Importing goods in the U.S. for the first time can seem like a daunting task. There are many tasks that must be completed in order to clear your goods through U.S. customs and these tasks must meet the requirements of a variety of entities such as the US Customs and Border Protection (CBP), and the U.S. Census Bureau. That’s why it’s important to choose a customs broker you feel comfortable with. While it is not required that you use a customs broker to help import your goods, customs brokers are licensed to act as agents for commercial and personal shipments importing to the U.S.A. With their valued experience on your side, they will make importing fast and easy. Here are three essentials to know before the importing process begins.
Two Types Of Bonds
A bond is required for entry when shipping internationally. There are two types of bonds you can utilize for customs clearance. The first bond type is a Single Entry Bond (SEB). A SEB is for one time entry filing. For example, if you are only importing one shipment per year this is the bond you will want to go with. Keep in mind, there will also be an additional bond required with a SEB for Importer Security Filing.
Another option is the Continuous Bond. This type of bond allows for multiple entry processing for a one year period. There is no limit to the number of entries with this option. After a year, the U.S. Customs Border and Protection will review your bond and after an adequate review the bond will remain the same for the following year.
Power of Attorney
Power of Attorney (POA) is required to allow customs brokers to conduct business on your behalf. Simply put, this allows customs brokers to represent you in decision making. Once you give authorization, you become the grantor of the power. Customs Brokers interface with most of the 60 Federal Agencies that monitor the International Community, with strict focus on imports entering the U.S.A. In most cases, the customs broker will need to make important decisions when it comes to your imports. This is why it is extremely important to feel comfortable and trust your broker. Keep in mind that the Power of Attorney only authorizes the customs broker to make customs decisions. There is no expiration date on a Power of Attorney, unless one is specified on the document until it is revoked.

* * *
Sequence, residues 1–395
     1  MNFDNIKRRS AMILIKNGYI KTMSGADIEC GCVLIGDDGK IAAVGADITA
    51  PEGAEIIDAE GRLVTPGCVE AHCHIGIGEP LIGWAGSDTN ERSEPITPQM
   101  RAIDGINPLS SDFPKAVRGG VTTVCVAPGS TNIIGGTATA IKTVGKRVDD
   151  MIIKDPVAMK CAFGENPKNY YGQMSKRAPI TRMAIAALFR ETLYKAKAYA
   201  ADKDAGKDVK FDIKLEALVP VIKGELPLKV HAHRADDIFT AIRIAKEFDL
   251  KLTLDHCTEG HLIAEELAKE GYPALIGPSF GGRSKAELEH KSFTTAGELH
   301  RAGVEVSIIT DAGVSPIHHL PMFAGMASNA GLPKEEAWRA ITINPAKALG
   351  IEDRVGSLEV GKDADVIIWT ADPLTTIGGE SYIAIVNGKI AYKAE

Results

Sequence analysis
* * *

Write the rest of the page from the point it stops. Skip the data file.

A commercial invoice is a bill of sale between a buyer and the seller. On an invoice you will find important transaction numbers as well as a detailed description of what you are importing. Some of the information you will find on the invoice includes:
- Full name and address of the shipper
- Full name and address of the buyer
- Full name and address of the consignee
- Country of origin
- Terms of sale
With all the information the invoice holds, this is an important document which serves as a summary of your cargo. There is no standard format for an invoice, but your import must be accompanied by one for customs clearance. A signature must be included on the invoice to verify the authenticity.
Having a customs broker can be very beneficial during the customs clearance process. Here at AFC International, we pride ourselves on clearing your imports fast and easy. AFC International will take care of not only these three essential steps during the import process, but will provide you with accurate and efficient service.
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